China will limit the yuan's appreciation to 4 percent during the next 12 months because of a "super cautious" outlook on the global economy, according to New York University professor of economics Nouriel Roubini.
“It will be less than what they did in 2005 when everything was going right,” Roubini says.
“They will move by a token amount. The world is much cloudier in every dimension. They are super cautious,” he told Bloomberg.
Roubini’s forecast is 1 percent less aggressive than the median estimate in a Bloomberg survey of 20 analysts for the yuan, also known as the renminbi, to rise 5 percent to 6.50 per dollar by March 31, 2011.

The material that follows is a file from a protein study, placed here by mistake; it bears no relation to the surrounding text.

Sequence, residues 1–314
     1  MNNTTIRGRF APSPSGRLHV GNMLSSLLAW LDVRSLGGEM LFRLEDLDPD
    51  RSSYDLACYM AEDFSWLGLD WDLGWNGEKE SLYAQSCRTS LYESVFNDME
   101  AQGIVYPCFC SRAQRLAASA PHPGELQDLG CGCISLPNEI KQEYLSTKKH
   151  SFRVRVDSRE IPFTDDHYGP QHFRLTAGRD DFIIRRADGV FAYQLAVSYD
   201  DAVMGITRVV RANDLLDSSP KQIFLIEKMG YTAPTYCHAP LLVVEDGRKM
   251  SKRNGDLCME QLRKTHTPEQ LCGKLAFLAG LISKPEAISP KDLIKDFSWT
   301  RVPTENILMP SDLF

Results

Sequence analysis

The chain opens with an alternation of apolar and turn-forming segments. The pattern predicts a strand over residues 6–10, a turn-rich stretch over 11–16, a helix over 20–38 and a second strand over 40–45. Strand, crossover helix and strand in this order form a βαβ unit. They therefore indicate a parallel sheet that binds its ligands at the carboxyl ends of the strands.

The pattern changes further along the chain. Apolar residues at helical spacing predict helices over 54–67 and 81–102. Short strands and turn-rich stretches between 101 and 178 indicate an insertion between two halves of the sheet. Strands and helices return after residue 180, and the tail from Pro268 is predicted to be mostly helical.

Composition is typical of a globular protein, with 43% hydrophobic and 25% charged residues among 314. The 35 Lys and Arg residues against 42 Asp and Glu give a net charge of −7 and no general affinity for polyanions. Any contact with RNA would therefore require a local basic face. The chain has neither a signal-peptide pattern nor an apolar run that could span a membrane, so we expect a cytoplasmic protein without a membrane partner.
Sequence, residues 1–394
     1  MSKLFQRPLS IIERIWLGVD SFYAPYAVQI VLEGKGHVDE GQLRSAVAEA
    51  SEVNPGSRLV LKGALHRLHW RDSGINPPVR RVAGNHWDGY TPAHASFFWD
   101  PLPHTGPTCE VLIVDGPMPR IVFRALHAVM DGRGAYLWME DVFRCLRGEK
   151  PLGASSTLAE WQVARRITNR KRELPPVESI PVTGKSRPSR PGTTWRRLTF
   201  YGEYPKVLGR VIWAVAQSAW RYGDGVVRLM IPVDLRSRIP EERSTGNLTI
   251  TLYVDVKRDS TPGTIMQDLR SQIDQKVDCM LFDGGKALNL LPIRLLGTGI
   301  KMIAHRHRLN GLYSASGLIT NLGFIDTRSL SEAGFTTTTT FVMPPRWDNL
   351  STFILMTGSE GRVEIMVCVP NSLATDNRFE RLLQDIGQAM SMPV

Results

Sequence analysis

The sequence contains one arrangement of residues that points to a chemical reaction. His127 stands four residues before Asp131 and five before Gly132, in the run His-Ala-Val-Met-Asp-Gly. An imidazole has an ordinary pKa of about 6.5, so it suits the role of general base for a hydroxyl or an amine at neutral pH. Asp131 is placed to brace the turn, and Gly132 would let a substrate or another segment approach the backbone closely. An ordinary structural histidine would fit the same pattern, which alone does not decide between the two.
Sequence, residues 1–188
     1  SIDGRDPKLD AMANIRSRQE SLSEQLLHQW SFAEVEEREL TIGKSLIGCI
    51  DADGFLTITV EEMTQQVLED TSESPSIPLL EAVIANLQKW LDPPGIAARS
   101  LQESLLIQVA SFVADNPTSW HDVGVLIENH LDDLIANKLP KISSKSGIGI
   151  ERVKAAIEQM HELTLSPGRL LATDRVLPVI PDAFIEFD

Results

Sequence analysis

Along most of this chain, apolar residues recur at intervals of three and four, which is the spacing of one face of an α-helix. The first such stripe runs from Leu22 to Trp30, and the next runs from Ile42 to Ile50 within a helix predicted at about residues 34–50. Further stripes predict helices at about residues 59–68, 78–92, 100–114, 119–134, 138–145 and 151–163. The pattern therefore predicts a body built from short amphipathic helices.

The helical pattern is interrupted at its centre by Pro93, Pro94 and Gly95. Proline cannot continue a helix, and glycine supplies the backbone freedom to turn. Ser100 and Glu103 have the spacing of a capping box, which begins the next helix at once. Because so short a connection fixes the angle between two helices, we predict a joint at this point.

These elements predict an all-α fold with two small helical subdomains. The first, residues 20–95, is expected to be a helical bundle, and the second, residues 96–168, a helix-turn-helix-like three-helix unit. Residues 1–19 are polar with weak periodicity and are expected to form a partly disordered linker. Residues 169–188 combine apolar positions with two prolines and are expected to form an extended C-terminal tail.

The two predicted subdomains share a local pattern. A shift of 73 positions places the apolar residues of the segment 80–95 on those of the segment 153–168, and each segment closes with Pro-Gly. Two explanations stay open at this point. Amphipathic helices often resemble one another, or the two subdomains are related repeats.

“Most people are concerned about inflation,” Roubini notes. “I am worried about the export-led growth model … a weak currency and low interest rate is a massive transfer of wealth from household income to enterprises. It will take more than three, five years to change China’s model of growth.”
China’s central bank Governor Zhou Xiaochuan warned recently that China should be “very cautious” in exiting policies adopted during the global financial crisis, including the exchange-rate link, The New York Times reports.
He called China’s practice of pegging the renminbi to the dollar a “special foreign exchange mechanism” made to respond to the world financial crisis.
Such mechanisms will be abandoned “sooner or later,” the bank governor said, but “we must be very cautious and discreet in choosing the timing.”
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